Highways & Village Greens

March 8th, 2012

Dedication of Highway

The dedication to the public by a local highway authority of highways was inferred by the Privy Council in J & O Operations Ltd v Kingston & St Andrew Corporation [2012] UKPC 7, relying (para 13) on Espley v Wilkes (1872) LR 7 Ex 298 and (para 14) Magistrates of Edinburgh v North British Railway Co (1904) 6 F 620.

Village Green

In Adamson v Kirklees MBC [2012] EWCA Civ 262 the Court of Appeal held, allowing an appeal from Vos J, that although land should not have been registered as a village green (because, agreeing with Vos J, it had not been used by the inhabitants of a single locality), it would not be just to rectify the public register after a delay of over 12 years in seeking rectification. Sullivan LJ said (para 37):

“While Parliament did not prescribe a time limit for making applications under section 14, it must have envisaged that persons adversely affected by an erroneous amendment of the register would take reasonably prompt action ton secure rectification, and would not sleep on their rights. All other things being equal, the longer the delay in seeking rectification the less likely it is that it will be just to order rectification”; and (para 39)

“While it must be desirable, in principle, that errors in a public register should be rectified, the delay of over 12 years in seeking rectification of the register in this case was, by the standards of any reasonable legal process, so excessive as to make it not just to rectify the register.”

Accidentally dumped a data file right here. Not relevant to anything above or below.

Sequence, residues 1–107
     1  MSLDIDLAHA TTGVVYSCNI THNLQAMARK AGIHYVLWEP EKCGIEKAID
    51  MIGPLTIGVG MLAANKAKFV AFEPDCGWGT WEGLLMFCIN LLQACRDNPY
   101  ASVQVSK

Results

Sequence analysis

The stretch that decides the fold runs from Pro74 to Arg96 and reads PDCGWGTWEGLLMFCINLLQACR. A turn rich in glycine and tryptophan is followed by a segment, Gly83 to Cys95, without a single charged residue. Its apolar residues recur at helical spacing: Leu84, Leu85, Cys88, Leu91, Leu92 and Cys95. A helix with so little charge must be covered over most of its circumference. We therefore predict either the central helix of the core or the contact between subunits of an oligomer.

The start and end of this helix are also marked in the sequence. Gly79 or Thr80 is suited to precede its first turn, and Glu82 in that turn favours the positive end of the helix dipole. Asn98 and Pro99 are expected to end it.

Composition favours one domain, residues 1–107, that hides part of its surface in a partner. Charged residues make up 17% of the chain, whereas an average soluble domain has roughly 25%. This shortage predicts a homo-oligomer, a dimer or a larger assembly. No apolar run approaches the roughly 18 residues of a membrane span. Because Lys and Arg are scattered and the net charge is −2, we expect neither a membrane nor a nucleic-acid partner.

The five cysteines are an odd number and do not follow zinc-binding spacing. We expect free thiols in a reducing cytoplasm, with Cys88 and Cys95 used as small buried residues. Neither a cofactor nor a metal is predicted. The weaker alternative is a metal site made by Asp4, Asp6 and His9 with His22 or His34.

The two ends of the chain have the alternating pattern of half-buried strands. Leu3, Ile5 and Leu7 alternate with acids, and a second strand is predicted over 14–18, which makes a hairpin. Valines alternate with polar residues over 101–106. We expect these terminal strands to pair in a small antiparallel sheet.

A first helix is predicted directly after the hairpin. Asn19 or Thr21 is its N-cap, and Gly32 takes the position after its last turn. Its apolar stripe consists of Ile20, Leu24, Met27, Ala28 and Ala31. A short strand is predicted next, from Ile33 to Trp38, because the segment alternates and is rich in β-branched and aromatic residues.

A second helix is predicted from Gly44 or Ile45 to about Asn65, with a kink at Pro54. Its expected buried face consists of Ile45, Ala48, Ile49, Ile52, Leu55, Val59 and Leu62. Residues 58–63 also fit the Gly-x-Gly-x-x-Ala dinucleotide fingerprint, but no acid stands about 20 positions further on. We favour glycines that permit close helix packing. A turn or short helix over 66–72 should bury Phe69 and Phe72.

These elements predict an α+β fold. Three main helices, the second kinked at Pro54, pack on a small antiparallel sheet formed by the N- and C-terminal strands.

Patten LJ, on the other hand, could see no injustice (para 44) in a deprivation of rights to which one was never entitled, absent (para 43) some “significant or material prejudice attributable to the delay” which makes it just to refuse to restore to the owner of the land its full legal rights. Patten LJ thought (para 45) that there was a public dimension which militated strongly in favour of ordering rectification of the register. Carnwath LJ, however, agreed (para 66) with Sullivan LJ’s reasoning and conclusions. Carnwath LJ (at para 67) said that, on the basis that ECHR Art 1/1 was engaged:

“The administrative process of amendment of the register does not meet the requirements for independent determination under article 6. The rectification procedure fills the gap. I agree that for that reason a precise analogy with judicial review time-limits is not appropriate.”

He continued (at para 68):

“However, article 6 does not require the right to be kept open indefinitely. I agree with Sullivan LJ that the public nature of the register requires the balance to include considerations of public administration, … Although that is provided for expressly in the judicial review legislation, I see no reason why the concept of “justice” under the 1965 Act should not be wide enough to include similar considerations. Justice in this context need not turn on proof of individual prejudice, but is wide enough to cover general prejudice to the public (including planning authorities) who are entitled to rely on the register to order their affairs, public and private. … It is probably not appropriate for the court to lay down a specific time-limit, where Parliament has declined to do so. But for my part, I would be regarding a delay beyond the normal limitation period of six years as requiring very clear justification. On the facts of this case, I agree with Sullivan LJ that on any view the delay was too long.”

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